With Its Drone Delivery On Hold, Amazon Banks On Delivery Trucks With Onboard 3D Printers
The latest milestone in Amazon’s quest to get products to your door faster is going to involve trucks that can print items on the way to your house. Amazon filed a patent this week with the United States Patent and Trademark Office (USPTO) that envisions delivery trucks bearing 3D printers, rather than boxes.
The patent lays out a fairly simple plan. A customer places an order, which is directed to a local Amazon truck. “A manufacturing apparatus can be selected to manufacture the item based on the 3D manufacturing instructions,” the patent abstract reads. At that point, the truck heads to your house with your 3D-printed components in tow. The potential for such an operation would be limited by the size of the 3D printers and by the types of products that could be easily manufactured. The WSJ cites replacement car parts as just one possible avenue to pursue with mobile 3D printing.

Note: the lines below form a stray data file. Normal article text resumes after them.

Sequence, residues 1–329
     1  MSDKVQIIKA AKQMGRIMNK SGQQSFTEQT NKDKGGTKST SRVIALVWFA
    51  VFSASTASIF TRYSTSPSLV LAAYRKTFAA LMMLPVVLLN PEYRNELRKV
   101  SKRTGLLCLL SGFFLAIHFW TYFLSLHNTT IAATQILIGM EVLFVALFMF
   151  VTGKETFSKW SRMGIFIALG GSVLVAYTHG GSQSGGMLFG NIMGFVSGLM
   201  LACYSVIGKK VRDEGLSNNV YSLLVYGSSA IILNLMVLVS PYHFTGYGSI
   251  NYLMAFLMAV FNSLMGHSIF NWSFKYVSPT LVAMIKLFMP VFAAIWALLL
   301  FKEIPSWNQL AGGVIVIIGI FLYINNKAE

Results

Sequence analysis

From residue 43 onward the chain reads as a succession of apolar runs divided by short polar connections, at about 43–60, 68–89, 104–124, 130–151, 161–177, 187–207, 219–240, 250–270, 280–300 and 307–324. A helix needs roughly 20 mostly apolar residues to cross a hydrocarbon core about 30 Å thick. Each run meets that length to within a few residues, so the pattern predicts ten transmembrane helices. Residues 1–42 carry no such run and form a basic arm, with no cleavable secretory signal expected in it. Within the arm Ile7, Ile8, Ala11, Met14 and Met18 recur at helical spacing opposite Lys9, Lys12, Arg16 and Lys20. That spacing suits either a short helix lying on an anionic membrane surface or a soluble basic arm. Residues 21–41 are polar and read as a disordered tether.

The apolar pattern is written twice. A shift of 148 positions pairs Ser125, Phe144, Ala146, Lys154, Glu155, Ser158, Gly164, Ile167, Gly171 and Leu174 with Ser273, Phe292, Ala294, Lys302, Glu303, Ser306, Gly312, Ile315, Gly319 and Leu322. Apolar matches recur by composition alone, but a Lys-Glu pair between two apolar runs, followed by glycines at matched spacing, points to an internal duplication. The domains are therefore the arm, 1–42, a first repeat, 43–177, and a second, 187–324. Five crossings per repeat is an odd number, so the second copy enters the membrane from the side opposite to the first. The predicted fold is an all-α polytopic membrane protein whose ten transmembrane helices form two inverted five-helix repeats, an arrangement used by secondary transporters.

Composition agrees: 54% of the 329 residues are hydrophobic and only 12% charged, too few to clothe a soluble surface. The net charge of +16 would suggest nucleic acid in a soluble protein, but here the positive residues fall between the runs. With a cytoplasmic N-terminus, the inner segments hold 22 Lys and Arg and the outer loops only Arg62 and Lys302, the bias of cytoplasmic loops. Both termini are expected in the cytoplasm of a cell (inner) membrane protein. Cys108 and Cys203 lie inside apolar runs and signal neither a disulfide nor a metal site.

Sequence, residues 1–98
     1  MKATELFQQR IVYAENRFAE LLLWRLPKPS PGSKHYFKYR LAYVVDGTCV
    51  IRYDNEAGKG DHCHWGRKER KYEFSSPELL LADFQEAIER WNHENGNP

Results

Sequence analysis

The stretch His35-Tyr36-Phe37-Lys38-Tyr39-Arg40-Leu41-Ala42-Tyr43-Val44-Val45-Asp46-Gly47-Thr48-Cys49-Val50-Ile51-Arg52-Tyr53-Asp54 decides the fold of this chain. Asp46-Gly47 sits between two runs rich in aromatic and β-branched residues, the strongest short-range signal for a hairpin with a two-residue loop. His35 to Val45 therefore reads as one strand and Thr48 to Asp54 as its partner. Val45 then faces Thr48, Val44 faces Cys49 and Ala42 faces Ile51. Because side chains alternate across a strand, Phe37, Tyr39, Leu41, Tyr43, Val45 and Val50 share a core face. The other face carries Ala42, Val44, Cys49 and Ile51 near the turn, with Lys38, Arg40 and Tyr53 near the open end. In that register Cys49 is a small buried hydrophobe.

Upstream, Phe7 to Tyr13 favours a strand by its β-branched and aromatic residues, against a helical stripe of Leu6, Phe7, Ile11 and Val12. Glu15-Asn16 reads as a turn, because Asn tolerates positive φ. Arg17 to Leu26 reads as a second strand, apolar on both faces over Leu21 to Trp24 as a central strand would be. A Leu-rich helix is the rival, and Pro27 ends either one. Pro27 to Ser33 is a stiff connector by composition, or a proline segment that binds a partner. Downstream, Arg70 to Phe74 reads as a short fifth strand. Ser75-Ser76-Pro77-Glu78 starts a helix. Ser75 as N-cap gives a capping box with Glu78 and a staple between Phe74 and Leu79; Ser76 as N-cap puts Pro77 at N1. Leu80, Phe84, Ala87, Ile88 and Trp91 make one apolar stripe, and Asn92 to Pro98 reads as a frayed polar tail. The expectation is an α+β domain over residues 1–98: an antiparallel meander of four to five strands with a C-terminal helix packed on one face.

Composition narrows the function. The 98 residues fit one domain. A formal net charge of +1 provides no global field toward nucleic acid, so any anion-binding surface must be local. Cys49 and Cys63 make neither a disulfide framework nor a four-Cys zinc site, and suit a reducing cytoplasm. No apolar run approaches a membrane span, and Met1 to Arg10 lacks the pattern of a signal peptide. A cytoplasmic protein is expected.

Amazon also see 3D printing as a way to reduce inventory costs and increase customer satisfaction. "Increased space to store additional inventory may raise costs for the electronic marketplace," stated Amazon in the patent filing. "Additionally, time delays between receiving an order and shipping the item to the customer may reduce customer satisfaction and affect revenues generated."
Patent drawing. Image credit: USPTO
Amazon regularly develops new ideas for getting products to customers faster. One of those ideas, known as “anticipatory shipping,” involved shipping orders to certain customers – before they placed the order. The idea was that customers who made regular orders would receive their orders faster if Amazon preemptively put the products onto the truck and shipped it.
Amazon hasn’t started using anticipatory shipping yet, nor has it been able to get its planned drone delivery program off the ground yet. Amazon Prime Air has the potential to get some products to customers in 30 minutes, if it can find a way to comply with the FAA’s new rules.